2: In Computing: "Not physically existing as such but made by software to appear to exist, e.g., a virtual doorway;"  In other words, imaginary.

3: Physics: "Denoting particles or interactions with extremely short lifespans and indefinitely great energies, postulated as intermediates in some processes."  That is, particles, or things, that exist for such a brief period of time that their reality as things is questionable.

One might think that virtual reality derives from definition #3, since it is the most confusing.  Does the length of time that something exists have bearing on the reality of its existence?  In galactic time, humans do not exist very long. Does that mean ours is a lesser existence?  That subject will have to wait for another essay, however, since virtual reality derives from #2, which means, as noted, imaginary.

[Note: I'm going to leave the definition of "reality" as "things that are real," a cop-out perhaps because Merriam-Webster informs us that "reality" derives from the Sanskrit for "property," something to do with "wealth and goods" being real things- a philosophical question for another essay.]

Under virtual reality we get: "The computer-generated simulation of a three-dimensional image or environment that can be interacted with in a seemingly real or physical way by a person using special electronic equipment, such as a helmet with a screen inside or gloves fitted with sensors."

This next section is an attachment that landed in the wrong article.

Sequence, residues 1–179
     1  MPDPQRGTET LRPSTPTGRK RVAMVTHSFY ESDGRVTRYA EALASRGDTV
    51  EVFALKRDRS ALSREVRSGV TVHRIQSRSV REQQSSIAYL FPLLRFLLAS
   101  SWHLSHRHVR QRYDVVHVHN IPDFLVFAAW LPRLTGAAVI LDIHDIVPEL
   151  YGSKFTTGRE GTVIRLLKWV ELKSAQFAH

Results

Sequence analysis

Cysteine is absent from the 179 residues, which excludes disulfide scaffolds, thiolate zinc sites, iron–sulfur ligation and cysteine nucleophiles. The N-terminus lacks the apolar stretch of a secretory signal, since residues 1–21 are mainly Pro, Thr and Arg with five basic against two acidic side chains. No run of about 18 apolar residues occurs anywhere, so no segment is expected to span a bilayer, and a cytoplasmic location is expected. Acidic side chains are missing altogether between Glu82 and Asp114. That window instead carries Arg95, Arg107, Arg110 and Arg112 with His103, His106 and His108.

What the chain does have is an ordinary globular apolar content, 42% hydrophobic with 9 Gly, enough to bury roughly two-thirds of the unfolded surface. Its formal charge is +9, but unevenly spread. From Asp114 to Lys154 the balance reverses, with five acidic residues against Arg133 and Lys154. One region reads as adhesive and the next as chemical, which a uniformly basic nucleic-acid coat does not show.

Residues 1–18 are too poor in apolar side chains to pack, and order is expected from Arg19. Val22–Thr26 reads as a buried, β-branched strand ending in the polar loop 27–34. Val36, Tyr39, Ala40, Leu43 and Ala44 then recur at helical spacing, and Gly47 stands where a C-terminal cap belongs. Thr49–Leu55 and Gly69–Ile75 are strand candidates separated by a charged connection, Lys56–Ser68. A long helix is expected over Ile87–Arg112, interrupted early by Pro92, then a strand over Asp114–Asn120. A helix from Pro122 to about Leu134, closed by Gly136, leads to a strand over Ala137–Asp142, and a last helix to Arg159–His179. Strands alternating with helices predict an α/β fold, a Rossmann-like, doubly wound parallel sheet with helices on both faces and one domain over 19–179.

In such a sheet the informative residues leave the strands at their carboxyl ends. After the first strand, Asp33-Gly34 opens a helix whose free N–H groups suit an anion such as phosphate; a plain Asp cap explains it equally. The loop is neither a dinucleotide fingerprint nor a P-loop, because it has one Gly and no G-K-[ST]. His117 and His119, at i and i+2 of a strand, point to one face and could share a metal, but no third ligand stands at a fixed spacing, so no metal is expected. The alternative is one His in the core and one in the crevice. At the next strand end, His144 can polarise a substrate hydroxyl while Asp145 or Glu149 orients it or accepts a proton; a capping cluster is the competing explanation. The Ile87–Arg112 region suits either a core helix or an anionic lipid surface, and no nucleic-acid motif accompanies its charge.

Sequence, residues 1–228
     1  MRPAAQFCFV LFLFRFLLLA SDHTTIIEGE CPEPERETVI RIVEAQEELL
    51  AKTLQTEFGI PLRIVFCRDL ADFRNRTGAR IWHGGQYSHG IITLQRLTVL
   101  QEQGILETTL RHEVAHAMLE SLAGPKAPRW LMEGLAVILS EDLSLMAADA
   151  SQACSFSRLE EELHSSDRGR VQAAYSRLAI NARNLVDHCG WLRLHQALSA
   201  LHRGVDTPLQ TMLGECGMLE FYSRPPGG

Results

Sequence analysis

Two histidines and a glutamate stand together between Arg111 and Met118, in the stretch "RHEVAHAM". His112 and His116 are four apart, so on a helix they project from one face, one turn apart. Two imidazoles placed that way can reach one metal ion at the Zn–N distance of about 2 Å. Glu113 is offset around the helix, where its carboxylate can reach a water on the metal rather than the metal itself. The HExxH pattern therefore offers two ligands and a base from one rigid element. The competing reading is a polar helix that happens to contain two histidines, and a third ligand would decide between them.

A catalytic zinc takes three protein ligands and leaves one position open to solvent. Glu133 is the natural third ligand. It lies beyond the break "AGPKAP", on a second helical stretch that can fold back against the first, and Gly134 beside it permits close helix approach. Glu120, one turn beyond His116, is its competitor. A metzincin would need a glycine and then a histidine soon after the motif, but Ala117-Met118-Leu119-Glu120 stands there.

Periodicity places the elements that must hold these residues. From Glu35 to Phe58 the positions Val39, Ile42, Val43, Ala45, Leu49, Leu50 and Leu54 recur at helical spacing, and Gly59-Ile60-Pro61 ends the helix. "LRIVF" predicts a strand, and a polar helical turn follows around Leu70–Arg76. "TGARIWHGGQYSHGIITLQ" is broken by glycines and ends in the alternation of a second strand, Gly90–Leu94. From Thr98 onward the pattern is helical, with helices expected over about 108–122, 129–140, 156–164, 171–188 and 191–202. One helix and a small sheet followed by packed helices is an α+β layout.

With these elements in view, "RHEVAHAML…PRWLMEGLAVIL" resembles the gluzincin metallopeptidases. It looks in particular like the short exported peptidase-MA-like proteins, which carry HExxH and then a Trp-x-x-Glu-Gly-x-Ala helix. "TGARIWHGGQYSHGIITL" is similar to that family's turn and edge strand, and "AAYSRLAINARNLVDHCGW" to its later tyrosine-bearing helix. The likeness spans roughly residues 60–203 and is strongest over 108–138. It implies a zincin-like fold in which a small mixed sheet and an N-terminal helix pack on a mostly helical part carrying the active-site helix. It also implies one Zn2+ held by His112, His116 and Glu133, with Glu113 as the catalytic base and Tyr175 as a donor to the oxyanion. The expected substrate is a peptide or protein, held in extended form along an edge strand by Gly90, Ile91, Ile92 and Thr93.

The question I ask at this point is, why do we need to conceive of computer-generated simulation as a type of reality?  We never had that need with novels, plays or movies. Those are not types of realities.  They are imaginary.

In modern, media based culture, we seem to have concluded that reality is manufactured by us. We get support for this notion from TV news.   If the news show we watch shares our bias, our brain allows the television to hook-up with its perceptual apparatus, as a sort of adjunct brain, at least mine does. When I watch a TV news report from a war front on a station matching my bias, my mind gravitates towards belief. If I watch a story on a station that does not match my bias, I am skeptical. In a twist on "confirmation bias," my brain is requiring that its perception of reality be moderated by outer mechanisms that match its bias, in other words that reality be manufactured.